Shortly before we were married, my wife and I went on a trip to Brazil. Preparing for the trip, I learned that Rio’s unique combination of steep mountains on a breezy coast offered one activity I was unlikely to experience anywhere else in the world–urban hang-gliding.
The first bad sign was my designated instructor’s pronounced limp. His scars were long and his pain seemed fresh. “Should I really jump off of a cliff with this person?” I asked myself as I signed my life away. We hopped in a cab and ascended the mountain.

The silence was unusual. Brazilians are the most engaging people you will ever meet, yet this guy was one of the most unfriendly people I had ever met, anywhere. Two-thirds of the way up the mountain he prepped me for the flight. “When we get to the platform, we will strap ourselves to the kite,” he said looking through the windshield as if instructing a tree. “When I say ‘Run!’ you run. When you get to the edge of the platform, you keep running. Whatever you do, do not stop running.” And then he turned back, locked his gaze on me, and telegraphed the origins of his limp, “Do not stop running! This is what gives me NIGHTMARES!”

Years later, as I reflect on my youthful adventures, I ask myself “What in my professional life gives me nightmares? If I could give my clients just one instruction that would lodge itself directly into their fear center, what would it be?” Oddly, it’s not that hard—it would be to never do a complete site redesign without iterative testing.

I once joined a company in the midst of a redesign. The prospect-facing site had been redesigned and recoded from the ground up by an expensive agency. To their credit, they did try to test the new site, though not iteratively, but their test design was faulty and they didn’t leverage the knowledge of their optimization consultants.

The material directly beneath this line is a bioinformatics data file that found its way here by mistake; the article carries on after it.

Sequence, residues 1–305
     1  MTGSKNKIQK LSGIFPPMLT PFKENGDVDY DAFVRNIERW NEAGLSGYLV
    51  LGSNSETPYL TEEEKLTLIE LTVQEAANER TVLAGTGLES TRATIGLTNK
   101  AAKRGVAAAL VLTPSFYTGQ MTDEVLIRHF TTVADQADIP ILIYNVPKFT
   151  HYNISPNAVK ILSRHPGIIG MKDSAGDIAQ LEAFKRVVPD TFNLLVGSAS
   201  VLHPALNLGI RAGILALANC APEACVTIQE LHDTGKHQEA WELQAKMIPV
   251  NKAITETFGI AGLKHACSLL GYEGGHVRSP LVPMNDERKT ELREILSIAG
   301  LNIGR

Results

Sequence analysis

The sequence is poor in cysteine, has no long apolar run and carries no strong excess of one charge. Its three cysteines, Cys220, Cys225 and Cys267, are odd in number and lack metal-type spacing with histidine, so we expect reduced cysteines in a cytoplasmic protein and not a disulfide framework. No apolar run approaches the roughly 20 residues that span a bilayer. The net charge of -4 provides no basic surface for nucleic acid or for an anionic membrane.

The new site bombed and no one knew why. The homepage, every single product page, the navigation, the logo, the checkout process–everything had changed. Where was the hole that was sinking the ship? There were just too many places to look. In the end, the new site was pushed to all traffic despite the negative consequences. The next year of my professional life, I spent optimizing the new site to get it to perform as well as the old site.

After becoming an optimization consultant with Adobe, one of my clients redesigned their checkout process and, against our advice, launched it without testing. Their conversion rate instantly dropped by 25%. Shockingly, they had no technical mechanism to undo the disastrous code changes. (One great feature of Test&Target is that any testing success or failure can easily be “dialed up or down” to maximize revenue without IT involvement).

In both of these examples, the companies certainly ran off the cliff, but they didn’t take the steps necessary to fly. At Adobe, we always recommend an iterative approach to testing. That’s not to say you can’t be bold. Go ahead, have your agency redesign everything from the ground up–but launch the redesign incrementally. Below is an example progression of an Iterative Redesign Test Plan:

  1. Homepage
  2. Category page template
  3. Article/Product page template
  4. Global elements (navigation, header, logo, footers, colors, etc. , tested separately)
  5. Subscription/Checkout/Lead submission process

These can be done in any order and there are many ways to customize your plan based on resource availability: plan on several rounds of testing for each.

By testing incrementally, you will be able to spot which changes help your key metrics and which changes hurt. At my former company, we found that it was just a single change made to the checkout process that caused the performance drop! You can adjust your approach immediately and keep moving forward.

The biggest resistance to iterative testing is companies think it will slow them down. Think of each iterative test as another footstep down the ramp, building momentum, so that when you go over the cliff you can actually fly.